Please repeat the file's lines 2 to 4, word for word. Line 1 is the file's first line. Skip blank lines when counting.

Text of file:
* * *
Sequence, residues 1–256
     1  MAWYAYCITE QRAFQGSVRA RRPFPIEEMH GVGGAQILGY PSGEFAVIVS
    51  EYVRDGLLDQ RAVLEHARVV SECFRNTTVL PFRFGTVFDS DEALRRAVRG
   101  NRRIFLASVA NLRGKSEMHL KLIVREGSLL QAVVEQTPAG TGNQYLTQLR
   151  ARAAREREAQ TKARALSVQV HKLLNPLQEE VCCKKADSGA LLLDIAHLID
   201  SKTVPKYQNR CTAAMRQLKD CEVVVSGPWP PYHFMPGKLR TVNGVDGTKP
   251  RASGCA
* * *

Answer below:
     1  MAWYAYCITE QRAFQGSVRA RRPFPIEEMH GVGGAQILGY PSGEFAVIVS
    51  EYVRDGLLDQ RAVLEHARVV SECFRNTTVL PFRFGTVFDS DEALRRAVRG
   101  NRRIFLASVA NLRGKSEMHL KLIVREGSLL QAVVEQTPAG TGNQYLTQLR